Authors Note: Valentine’s Day is fast approaching and these are some thoughts in anticipation of the date and to share how my husband, Aaron, and I first met and began falling in love .
There aren’t too many of us who are fortunate enough to receive a Valentine greeting that is as truthful as the one above; unless it is from a naturist/nudist spouse. Only someone who is committed to another in heart, mind and soul dares to be bold enough to openly admit to their emotional shortcomings and physical aberrations.
Many often profess their love for each other in symbolic and materialistic ways that really don’t represent their devotion. Valentine’s Day is an occasion where lover’s (partners, spouses, significant others, etc.) demonstrate their love through gifts and in spending time together (dinner, romantic evening or get-away, etc.). These may be sincere gestures but are they done because they are a custom/expectation? What about the remaining 364 days of the calendar year?
My husband and I first met one another at a same gender loving men’s nude social event to celebrate the Memorial Day (end of May) holiday weekend. Prior to that evening, we’d never seen one another. I was a member of the group hosting the gathering and he was a guest of some friends who were also members. It was Aaron’s very first time at a gay social nudist function.
It wasn’t exactly “love at first sight” but it was absolutely a case where when we made eye contact, it was “serious interest” at first sight! The very next day, we had our first official date (dinner at a local restaurant) where we both had to wear clothes. We then went to Aaron’s apartment (the clothes came off) and the next morning, at breakfast, I found a note on my plate.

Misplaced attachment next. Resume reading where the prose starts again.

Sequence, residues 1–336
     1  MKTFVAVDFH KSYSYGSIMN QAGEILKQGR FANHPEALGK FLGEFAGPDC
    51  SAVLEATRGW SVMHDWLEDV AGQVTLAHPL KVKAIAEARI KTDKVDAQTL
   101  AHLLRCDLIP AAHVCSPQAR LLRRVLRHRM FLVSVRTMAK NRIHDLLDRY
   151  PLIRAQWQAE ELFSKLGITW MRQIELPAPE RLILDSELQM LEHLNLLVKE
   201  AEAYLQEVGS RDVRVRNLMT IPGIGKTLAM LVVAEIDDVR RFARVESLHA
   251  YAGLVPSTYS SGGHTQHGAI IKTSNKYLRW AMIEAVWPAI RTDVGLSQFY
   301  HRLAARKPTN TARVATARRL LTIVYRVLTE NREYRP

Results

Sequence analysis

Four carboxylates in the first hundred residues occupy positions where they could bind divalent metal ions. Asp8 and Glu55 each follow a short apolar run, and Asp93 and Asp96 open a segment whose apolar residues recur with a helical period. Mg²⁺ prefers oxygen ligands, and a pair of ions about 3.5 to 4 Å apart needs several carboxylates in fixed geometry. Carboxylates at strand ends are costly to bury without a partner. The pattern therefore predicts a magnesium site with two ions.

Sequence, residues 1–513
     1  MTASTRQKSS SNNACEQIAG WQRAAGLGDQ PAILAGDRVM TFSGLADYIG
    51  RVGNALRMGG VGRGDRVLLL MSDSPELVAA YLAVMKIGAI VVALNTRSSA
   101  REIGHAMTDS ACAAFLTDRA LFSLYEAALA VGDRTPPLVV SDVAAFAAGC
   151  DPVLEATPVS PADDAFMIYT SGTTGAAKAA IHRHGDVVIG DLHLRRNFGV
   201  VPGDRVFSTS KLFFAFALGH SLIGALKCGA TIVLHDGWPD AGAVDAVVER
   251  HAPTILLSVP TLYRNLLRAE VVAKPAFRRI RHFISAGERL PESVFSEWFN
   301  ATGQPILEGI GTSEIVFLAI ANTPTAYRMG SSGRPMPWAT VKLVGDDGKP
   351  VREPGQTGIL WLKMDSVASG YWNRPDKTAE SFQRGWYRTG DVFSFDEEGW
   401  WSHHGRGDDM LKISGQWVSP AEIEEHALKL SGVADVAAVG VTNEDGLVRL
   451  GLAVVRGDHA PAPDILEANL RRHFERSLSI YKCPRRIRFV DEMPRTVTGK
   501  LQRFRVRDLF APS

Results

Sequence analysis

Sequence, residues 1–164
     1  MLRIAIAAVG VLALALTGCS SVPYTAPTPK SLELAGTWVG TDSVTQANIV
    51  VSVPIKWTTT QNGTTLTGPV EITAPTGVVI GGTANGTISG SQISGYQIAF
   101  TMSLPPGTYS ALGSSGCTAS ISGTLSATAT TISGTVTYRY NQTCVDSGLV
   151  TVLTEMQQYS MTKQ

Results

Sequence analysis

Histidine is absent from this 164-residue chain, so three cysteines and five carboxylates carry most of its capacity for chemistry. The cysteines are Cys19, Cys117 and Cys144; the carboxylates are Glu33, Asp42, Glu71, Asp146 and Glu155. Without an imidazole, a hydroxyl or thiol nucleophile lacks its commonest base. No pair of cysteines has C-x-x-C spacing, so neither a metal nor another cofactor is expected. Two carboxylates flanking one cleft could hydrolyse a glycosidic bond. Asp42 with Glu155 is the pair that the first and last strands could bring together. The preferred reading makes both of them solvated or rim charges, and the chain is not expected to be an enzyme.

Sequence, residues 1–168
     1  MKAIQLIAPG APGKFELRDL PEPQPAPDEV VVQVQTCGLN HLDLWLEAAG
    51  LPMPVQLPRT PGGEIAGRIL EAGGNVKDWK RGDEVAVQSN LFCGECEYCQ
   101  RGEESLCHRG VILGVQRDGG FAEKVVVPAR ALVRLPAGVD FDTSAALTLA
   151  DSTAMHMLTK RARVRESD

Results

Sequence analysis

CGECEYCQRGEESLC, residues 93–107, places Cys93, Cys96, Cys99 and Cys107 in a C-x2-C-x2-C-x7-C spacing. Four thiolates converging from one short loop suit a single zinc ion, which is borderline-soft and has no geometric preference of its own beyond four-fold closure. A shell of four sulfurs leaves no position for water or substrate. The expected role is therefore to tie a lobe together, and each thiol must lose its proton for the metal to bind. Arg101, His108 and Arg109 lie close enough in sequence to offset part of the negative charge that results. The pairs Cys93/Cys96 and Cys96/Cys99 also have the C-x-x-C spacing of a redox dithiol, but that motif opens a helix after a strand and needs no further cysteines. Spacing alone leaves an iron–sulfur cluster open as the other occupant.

It read: “I love you and all of your imperfections.” It was signed: Aaron. During the previous evening, our first “official” date, we had discussed our imperfections and how they helped add character to our perceptions of ourselves and how others perceived us.
Understand that our imperfections are more than just our physical short-comings. They are also our emotional “baggage” that we bring with us in our relationships, be they familial, intimate or friendship. As Aaron and I had disclosed to each other the previous evening, we honestly admitted our own failures and what areas we felt we needed to improve. I thought then and still believe that we were both being frightfully honest with each other.
At that exact moment, reading Aaron’s note, I knew this man was too good to be true.
I’d made some very foolish mistakes in my past. Who among us hasn’t? But this man I wasn’t going to give up without a fight! And I’ve held onto him ever since!
The truth is, our nudity is a gift that we give to others. No one of us is physically “perfect.” All of us have physical imperfections and clothing is one of the ways we use to conceal these imperfections from others. Through social nudity, we are showing our trust in others by allowing them to see the reality of who we truly are; physical imperfections included. Clothes are no longer necessary.
Once the clothing is gone, our emotional honesty became a “non-issue.” If the false sense of security garments afford is removed, the necessity of guarded feelings is superfluous.